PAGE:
The man accused of trying to kill 10 Miami-Dade police officers during a shootout at his Kendall home has schizophrenia and should never have had access to the high-powered rifle police said he used during the exchange of gunfire, his father said.
No one was killed in the Tuesday night confrontation on the usually quiet Kendall street just west of Dadeland Mall. But three officers suffered minor injuries after being struck with shrapnel and debris while retreating, police said. The shooting ended when Aramis Khosravi, 32, put his weapon down and surrendered. He’s been charged with 10 counts of attempted murder of a law enforcement officer.
Standing before a gaggle of media on Thursday in front of his home at 8001 SW 89th Terr., Khosravi’s father, Shawn Khosravi, said the family had done everything within its ability — including notifying the state of his illness and taking guardianship of the younger Khosravi — to try to stop him from obtaining a weapon.
He offered an apology to his neighbors and thanked the Miami-Dade Police Department for acting professionally and not taking his son’s life.
“It is puzzling how he got access to the firearm after everything,” said Shawn Khosravi. “Those with mental illness do not think like you and I and don’t have the same mental capacity as you and I.”
Then he urged President Donald Trump and Florida Gov. Ron DeSantis “to please pay close attention to the crisis of guns and mental illness in the community.”
Though the older Khosravi took some follow-up questions after his statement, he didn’t go into detail about exactly which state agency was warned of his son’s illness and his apparent fondness for weaponry. Khosravi said he never saw his son with the rifle he used Tuesday and didn’t know how he obtained it.
“But he has had possession of guns before. That’s what prompted us to take the action,” Shawn Khosravi said.
The father’s decision to speak publicly about his son comes at a particularly sensitive time after a series of mass shootings have lawmakers debating whether to enact background checks on weapon purchases, particularly to flag the mentally ill.
Miami-Dade Police Director Juan Perez said detectives are looking into whether Aramis Khosravi is listed on a state database for mental competency that could have warned a potential seller of his illness. They’re also still trying to learn where he obtained the assault weapon, which the director said was similar to an AK-47. Perez said Khosravi’s father got home while the scene was still active Tuesday and told officers about his son’s condition.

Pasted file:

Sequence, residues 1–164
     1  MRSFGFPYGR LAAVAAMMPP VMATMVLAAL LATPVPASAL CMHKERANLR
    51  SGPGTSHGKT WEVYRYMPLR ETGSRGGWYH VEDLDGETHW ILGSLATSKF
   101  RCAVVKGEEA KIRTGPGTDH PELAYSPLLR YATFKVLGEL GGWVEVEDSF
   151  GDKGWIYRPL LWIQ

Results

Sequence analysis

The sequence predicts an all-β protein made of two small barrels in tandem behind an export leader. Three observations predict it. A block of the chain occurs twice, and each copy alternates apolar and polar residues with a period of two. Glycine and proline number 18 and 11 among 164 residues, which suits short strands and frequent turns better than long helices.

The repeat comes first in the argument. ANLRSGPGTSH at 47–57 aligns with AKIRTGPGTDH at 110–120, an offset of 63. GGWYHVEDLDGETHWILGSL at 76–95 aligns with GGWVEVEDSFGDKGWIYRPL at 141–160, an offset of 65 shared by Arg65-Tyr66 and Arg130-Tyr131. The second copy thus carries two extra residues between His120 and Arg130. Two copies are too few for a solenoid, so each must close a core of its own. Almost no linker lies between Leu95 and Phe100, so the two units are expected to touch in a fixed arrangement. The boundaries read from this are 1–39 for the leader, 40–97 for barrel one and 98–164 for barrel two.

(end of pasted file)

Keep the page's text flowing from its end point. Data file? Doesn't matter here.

Miami-Dade police headed for the Khosravi home at 9:30 p.m. Tuesday after 911 lit up with calls about gunfire on the usually reserved street. Once there, they noticed two cars in the driveway and someone inside the home flicking lights on and off. When officers went around back, they said they noticed shell casings from a high-powered rifle, then entered the home.
Almost immediately, police said, Aramis Khosravi began firing at them. As they returned fire, they also retreated outside to safety. After a while Aramis Khosravi put his weapon down and surrendered. He was taken into custody and charged with 10 counts of attempted murder of a law enforcement officer. His bond was set at $100,000.
It’s still not clear what Khosravi was firing his weapon at before police arrived.
By Thursday, the only remnants on 89th Terrace of the Tuesday night firefight were three bullet holes in the front window of the Khosravi home. Otherwise the street was its same old quiet self.
“He’s not a violent person,” Shawn Khosravi said of his son. “He’s highly intelligent and a college graduate. This [mental illness and easy access to guns] is an ongoing crisis.”